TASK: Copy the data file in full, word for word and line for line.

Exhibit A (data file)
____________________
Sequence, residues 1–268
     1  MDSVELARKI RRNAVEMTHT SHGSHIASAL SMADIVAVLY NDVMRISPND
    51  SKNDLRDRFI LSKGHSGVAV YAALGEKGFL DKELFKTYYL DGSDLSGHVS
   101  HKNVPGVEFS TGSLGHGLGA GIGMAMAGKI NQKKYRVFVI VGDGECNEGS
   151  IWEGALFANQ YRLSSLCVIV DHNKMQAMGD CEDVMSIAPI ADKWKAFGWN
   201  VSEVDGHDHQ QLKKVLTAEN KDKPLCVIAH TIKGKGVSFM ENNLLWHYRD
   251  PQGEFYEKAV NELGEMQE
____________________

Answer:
Sequence, residues 1–268
     1  MDSVELARKI RRNAVEMTHT SHGSHIASAL SMADIVAVLY NDVMRISPND
    51  SKNDLRDRFI LSKGHSGVAV YAALGEKGFL DKELFKTYYL DGSDLSGHVS
   101  HKNVPGVEFS TGSLGHGLGA GIGMAMAGKI NQKKYRVFVI VGDGECNEGS
   151  IWEGALFANQ YRLSSLCVIV DHNKMQAMGD CEDVMSIAPI ADKWKAFGWN
   201  VSEVDGHDHQ QLKKVLTAEN KDKPLCVIAH TIKGKGVSFM ENNLLWHYRD
   251  PQGEFYEKAV NELGEMQE